Workplace Gossip: Policies Needed?

Is workplace gossip, “a form of warfare that [brings] everyone down,” as suggested in a recent article in the New York Times? Or as local blogger Michelle Goodman responded, might such gossip also be a force for good that can show people in a good light, clue employees into office undercurrents, or tip everyone off to changes coming down the pike?

In my experience, some workplace gossip is inevitable, but when it rises above a certain level, it is pretty much all bad.  A workplace that is rife with gossip usually means employees who are tense, unhappy, and less productive.  The “office undercurrents” being discussed are rarely positive and the “tip offs” are often inaccurate.

For this reason, excessive workplace gossip shouldn’t be left untreated.  Management may need to increase its communication (of accurate information) to employees, counsel serious offenders, and determine what other problems are creating a poor workplace culture.  Managers and supervisors may also need to examine their own behaviors to see how they are contributing to the problem. 

If it’s bad enough, maybe your organization wants to adopt something like the No Gossip Policy created by Professional Pride Training Co, Inc.  The policy has employees sign a document in which they agree to take several anti-gossip actions.  I particularly like number 6: “I will mind my own business, do good work, be a professional adult and expect the same from others.” 

For more on the advantages of a no gossip policy, see a recent article by HR blogger Susan M. Heathfield. She writes that some companies even terminate employees for violations.

Might there be reasons not to adopt an anti-gossip policy? ~AS

8 responses to “Workplace Gossip: Policies Needed?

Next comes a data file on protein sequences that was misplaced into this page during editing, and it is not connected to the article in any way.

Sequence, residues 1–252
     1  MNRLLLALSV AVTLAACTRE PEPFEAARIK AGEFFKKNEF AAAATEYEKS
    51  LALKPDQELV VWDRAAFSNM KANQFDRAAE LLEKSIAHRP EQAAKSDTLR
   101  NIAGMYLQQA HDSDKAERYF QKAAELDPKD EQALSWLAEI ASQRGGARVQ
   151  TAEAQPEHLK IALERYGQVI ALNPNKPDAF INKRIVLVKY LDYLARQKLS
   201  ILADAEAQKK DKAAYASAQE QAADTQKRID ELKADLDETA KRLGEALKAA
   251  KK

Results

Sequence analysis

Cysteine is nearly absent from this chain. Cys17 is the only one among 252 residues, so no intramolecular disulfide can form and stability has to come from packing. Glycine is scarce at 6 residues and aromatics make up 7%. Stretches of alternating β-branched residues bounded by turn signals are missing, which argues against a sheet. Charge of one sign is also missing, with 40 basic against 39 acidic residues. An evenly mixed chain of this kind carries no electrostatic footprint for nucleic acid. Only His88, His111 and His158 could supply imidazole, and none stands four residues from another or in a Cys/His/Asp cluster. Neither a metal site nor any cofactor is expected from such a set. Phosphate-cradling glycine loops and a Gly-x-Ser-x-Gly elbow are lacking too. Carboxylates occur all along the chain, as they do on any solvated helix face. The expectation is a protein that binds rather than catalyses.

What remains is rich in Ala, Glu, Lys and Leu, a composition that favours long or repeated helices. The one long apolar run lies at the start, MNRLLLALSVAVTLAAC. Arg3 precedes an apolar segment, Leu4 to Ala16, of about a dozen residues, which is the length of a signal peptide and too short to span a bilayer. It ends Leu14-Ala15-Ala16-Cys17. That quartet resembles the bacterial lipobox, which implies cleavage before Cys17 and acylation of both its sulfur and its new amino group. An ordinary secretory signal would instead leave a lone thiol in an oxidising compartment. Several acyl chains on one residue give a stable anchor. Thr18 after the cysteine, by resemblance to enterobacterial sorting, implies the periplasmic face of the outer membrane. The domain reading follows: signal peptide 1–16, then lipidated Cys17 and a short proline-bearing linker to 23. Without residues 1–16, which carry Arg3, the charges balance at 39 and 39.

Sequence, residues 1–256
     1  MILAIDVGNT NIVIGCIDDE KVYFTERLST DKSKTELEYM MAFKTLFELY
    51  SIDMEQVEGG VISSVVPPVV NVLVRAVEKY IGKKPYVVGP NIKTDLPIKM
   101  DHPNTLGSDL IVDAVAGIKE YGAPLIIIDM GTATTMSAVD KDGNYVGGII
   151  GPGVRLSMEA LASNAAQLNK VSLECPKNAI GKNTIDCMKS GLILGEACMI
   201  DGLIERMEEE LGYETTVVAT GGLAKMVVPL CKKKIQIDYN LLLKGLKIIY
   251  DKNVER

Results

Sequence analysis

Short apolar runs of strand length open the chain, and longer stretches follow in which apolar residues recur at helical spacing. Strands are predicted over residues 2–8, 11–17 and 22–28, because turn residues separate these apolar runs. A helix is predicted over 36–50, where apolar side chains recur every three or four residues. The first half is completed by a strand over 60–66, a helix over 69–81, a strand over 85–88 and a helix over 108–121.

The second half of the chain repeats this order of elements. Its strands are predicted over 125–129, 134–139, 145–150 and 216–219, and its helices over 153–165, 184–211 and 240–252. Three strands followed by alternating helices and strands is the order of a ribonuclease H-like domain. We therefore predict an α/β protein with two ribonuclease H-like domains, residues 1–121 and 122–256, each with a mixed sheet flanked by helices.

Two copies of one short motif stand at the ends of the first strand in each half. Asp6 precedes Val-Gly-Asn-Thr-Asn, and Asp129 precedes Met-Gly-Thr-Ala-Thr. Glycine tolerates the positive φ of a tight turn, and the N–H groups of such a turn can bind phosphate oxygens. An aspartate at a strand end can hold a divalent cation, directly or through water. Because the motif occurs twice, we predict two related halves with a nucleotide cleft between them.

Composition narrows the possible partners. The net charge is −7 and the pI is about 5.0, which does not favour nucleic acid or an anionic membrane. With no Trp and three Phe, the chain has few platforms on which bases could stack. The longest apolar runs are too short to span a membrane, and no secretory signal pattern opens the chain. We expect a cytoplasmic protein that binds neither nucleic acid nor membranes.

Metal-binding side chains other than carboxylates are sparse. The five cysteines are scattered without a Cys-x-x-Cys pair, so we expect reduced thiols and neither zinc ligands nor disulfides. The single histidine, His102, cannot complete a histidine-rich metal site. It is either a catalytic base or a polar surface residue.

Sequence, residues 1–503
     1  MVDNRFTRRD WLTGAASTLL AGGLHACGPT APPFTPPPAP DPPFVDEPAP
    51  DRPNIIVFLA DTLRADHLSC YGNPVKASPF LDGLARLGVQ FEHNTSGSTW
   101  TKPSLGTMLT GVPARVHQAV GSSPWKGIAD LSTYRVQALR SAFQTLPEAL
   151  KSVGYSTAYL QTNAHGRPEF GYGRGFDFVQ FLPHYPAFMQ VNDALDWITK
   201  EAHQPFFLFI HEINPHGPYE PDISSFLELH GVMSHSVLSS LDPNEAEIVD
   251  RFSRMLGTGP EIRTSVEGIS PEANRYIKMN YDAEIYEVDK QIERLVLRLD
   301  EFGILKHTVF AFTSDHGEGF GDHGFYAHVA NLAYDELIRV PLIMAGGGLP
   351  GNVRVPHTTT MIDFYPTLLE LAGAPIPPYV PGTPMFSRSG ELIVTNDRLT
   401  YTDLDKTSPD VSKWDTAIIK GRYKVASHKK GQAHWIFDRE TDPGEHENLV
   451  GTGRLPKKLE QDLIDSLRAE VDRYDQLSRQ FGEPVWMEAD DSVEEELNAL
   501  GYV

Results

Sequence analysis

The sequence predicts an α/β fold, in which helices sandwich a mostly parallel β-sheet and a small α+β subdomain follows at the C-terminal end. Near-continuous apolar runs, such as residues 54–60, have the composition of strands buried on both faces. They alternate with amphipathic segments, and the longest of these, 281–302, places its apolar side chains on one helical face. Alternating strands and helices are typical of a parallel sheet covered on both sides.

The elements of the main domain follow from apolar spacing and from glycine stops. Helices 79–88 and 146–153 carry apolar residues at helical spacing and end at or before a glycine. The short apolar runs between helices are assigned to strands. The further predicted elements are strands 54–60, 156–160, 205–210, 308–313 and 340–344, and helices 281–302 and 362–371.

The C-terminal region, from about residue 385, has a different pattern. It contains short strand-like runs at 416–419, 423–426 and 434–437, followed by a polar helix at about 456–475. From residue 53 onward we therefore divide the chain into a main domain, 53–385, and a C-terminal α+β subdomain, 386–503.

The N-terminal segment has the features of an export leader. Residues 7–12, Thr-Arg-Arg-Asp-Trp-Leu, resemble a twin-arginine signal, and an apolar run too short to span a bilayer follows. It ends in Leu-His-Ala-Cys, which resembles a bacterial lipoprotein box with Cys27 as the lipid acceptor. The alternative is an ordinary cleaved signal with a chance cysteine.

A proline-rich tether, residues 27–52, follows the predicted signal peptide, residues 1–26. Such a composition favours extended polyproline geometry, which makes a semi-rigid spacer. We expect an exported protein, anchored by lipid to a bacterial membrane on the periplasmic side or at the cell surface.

1. Pingback: Just Words? Back at Work « Just Words?

  2. This sometimes needs to be done to shut the ones up that take it a step too far and try to ruin peoples lives with Idol goss……. Bullying in the work place needs to be stopped when it crosses the line and these people need to be reported to management!!!!!! It’s no different to bullying in schools and doesn’t affect just one person. Please stop it and think of the innocent people/children involved!

  3. With havin so much content and articles do you ever run into any issues of plagorism or copyright violation?
    My website has a lot of unique content I’ve either authored myself or outsourced but it seems a lot of it is popping it up all over the web without my authorization. Do you know any techniques to help protect against content from being ripped off? I’d really appreciate it.

    • Workplace Insiders

      You could try putting a copyright sign on your stuff. Otherwise, I’m not sure what you could do but write angry notes to plagiarists and then sue them! ~Amy Stephson

  4. Heya are using WordPress for your blog platform?
    I’m new to the blog world but I’m trying to get started and set up my
    own. Do you require any html coding expertise to make your own blog?
    Any help would be really appreciated!

    • Workplace Insiders

      Hi Marion–Yes, our blog is on WordPress. Setting up a blog on WordPress does not involve any coding, just using the tools on the site. You first choose a template and then take it from there. I would suggest that you go there and just dive in! ~Amy Stephson

  5. Hey there would you mind stating which blog platform you’re working with? I’m planning to
    start my own blog soon but I’m having a difficult time deciding between BlogEngine/Wordpress/B2evolution and Drupal. The reason I ask is because your design and style seems different then most blogs and I’m looking
    for something unique. P.S Sorry for being off-topic but I had to ask!

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